Vera Farmiga combats demons anew in ‘The Conjuring 2’

Returning in her iconic role as demonologist Lorraine Warren in New Line Cinema’s supernatural thriller “The Conjuring” is Oscar-nominated actress Vera Farmiga (“The Judge,” TV’s “Bates Motel”).

“It was really joyful for me to step into Lorraine Warren’s Mary Janes and sprint another 20 miles,” Farmiga smiles. “It requires you to bring your A+ game, but James Wan really knows our ins and outs and how to reach us, and I think Patrick [Wilson] and I were even more confident and relaxed this time around.”

“The Conjuring 2,” with James Wan once again at the helm following the record-breaking success of “The Conjuring,” brings to the screen another real case from the files of renowned demonologists Ed and Lorraine Warren.

Reprising their roles, Farmiga and Patrick Wilson, star as Lorraine and Ed Warren, who, in one of their most terrifying paranormal investigations, travel to north London to help a single mother raising four children alone in a house plagued by malicious spirits.

“A lot changed for Ed and Lorraine in the years between [the two films.] I think it was six years of spiritual warfare, skepticism and wariness from the outside, six years of demon combat,” Farmiga observes.

When “The Conjuring 2” opens, the Warrens have been called to Amityville, where they hold a séance in order to summon the spirits there. “They’ve been called in as experts to see what was going on,” producer Rob Cowan notes, “so we start the movie with that and we see that they came away from it really believing there was something terrifying in that house.”

In fact, there’s a rather famous photograph their research team captured that shows the image of a little boy peering over a railing from the second floor, believed to be one of the DeFeo family members who’d been murdered in the house many years prior. The film shows how overwhelmed Lorraine is by a demonic presence during the séance, and later, at home, as it continues to plague her.

In the short sequence leading up to their trip to Enfield, we see the enormous toll that period takes on the couple, physically and mentally. Farmiga says, “It took a lot of love between the two of them to get through it, but Lorraine has always said to me, ‘I know that this gig is ordained, it was meant to be, and like it or not, I gird up.’ There was never any doubt for her, and I like that we explore the depths of their partnership in this film.”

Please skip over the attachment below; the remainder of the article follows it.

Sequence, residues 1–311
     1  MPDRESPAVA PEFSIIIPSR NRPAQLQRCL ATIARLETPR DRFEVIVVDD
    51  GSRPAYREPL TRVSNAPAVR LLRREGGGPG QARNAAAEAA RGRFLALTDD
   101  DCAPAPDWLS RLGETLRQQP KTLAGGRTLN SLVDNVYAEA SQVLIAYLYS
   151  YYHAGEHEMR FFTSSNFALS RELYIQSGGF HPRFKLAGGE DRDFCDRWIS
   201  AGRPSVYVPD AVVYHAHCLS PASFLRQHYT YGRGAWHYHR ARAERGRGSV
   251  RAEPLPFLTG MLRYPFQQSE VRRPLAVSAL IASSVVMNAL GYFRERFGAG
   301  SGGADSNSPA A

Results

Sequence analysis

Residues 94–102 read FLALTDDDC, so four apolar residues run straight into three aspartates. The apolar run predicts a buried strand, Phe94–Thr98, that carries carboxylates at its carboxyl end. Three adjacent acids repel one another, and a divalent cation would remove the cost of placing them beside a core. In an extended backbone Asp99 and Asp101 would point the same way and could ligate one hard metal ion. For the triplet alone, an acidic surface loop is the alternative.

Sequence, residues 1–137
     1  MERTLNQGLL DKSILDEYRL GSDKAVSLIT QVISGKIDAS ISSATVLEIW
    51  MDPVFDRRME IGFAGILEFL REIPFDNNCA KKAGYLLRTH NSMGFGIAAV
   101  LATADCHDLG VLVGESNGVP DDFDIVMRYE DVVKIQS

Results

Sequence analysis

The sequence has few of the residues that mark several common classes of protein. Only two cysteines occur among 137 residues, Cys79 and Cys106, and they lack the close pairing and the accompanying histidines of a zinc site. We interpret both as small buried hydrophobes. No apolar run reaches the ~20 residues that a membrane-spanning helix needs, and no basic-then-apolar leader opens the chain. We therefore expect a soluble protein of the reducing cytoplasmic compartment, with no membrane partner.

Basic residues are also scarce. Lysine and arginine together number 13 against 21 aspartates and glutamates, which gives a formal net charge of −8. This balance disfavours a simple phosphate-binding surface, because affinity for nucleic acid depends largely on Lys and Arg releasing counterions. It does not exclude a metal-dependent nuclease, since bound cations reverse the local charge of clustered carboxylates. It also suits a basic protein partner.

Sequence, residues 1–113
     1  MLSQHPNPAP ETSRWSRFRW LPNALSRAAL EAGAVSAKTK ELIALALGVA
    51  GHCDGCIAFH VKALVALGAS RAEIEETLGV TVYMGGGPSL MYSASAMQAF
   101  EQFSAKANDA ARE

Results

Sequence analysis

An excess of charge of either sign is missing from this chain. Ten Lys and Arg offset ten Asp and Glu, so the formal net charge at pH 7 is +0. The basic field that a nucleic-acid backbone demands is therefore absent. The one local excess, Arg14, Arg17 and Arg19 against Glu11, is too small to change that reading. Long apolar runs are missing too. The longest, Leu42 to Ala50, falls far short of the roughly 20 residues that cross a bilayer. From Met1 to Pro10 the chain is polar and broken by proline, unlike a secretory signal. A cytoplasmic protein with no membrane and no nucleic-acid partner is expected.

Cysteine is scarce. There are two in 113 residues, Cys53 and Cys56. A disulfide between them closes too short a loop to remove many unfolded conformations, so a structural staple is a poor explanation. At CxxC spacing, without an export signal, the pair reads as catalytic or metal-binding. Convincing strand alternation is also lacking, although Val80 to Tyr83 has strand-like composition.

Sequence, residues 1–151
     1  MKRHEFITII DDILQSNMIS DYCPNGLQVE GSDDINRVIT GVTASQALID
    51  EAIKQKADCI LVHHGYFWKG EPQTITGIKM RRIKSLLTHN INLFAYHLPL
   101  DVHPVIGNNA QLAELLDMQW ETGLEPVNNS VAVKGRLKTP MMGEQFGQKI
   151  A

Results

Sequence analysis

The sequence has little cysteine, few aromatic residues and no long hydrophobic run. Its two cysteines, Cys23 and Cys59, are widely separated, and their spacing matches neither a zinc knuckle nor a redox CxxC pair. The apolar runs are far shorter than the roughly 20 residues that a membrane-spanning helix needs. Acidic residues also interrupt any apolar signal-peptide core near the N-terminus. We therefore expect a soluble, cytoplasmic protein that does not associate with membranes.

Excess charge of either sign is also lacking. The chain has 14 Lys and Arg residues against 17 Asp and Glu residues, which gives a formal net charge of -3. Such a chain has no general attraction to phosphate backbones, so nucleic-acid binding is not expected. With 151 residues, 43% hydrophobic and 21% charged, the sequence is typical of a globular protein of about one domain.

“For me, part of the reason I came back to do ‘The Conjuring 2’ is the opportunity to work with Vera and Patrick again,” says Wan. “I had such a great time with them on the first movie, so to expand on this world and work with people I truly love was just great. They really make you care about the Warrens, and I think in horror movies it’s important that you care about the characters—then the scares play out so much stronger.

“I also really admired Ed and Lorraine’s partnership, and the way Patrick and Vera give life to it,” he continues. “I’ve always harbored a secret desire to tell a love story on film, I guess my way to do it is to disguise it as a horror movie!”

Farmiga, too, enjoys collaborating with Wan, and also says, “As a company, we’ve grown so close, and I feel like James’ imagination is almost the adult version of a kid’s fairytale nightmare, there’s eloquence and poetry in his vision.”

The actress also allows that the role, even more so this time around, requires not just faith in her director, but also an extraordinary amount of stamina. “There’s a lot of darkness that we’re portraying and it’s arduous, it’s depleting. And in this kind of genre, you cannot phone it in, it has to be the most authentic, earnest performance you can find in the depths of your heart and soul.”

“We lay the foundation pretty early in the movie that Lorraine has been having troubling visions that affect the people closest to her,” Wan concludes. “So, while she wants to help this family in need, throughout the story she’s very tense, very much on guard, because she’s worried about what is going to happen, and that she could even lose Ed.”

Opening across the Philippines on Thursday, June 9, 2016, “The Conjuring 2” is a New Line Cinema presentation and will be distributed by Warner Bros. Pictures.

WATCH: First trailer of ‘The Conjuring 2’ reveals new haunting

The first trailer for New Line Cinema’s “The Conjuring 2” the sequel to 2014’s acclaimed blockbuster, has arrived, and there seems to be plenty more eerie happenings in store. Watch the trailer below.

With director James Wan (“Fast & Furious 7”) once again at the helm, the supernatural thriller brings to the screen another real case from the files of renowned demonologists Ed and Lorraine Warren.

Reprising their roles, Oscar nominee Vera Farmiga (“Up In the Air,” TV’s “Bates Motel”) and Patrick Wilson (the “Insidious” films), star as Lorraine and Ed Warren, who, in one of their most terrifying paranormal investigations, travel to north London to help a single mother raising four children alone in a house plagued by malicious spirits.


The film follows the phenomenal worldwide reception of Wan’s “The Conjuring,” which marked the largest opening ever for an original horror movie. The film went on to make more than $319 million worldwide and still remains the second highest grossing original horror movie of all time, second only to “The Exorcist.”

In addition to directing the film, Wan wrote the screenplay with Carey Hayes & Chad Hayes, and David Leslie Johnson.

Opening across the Philippines on June 9, 2016, “The Conjuring 2” is a New Line Cinema presentation and will be distributed by Warner Bros. Pictures.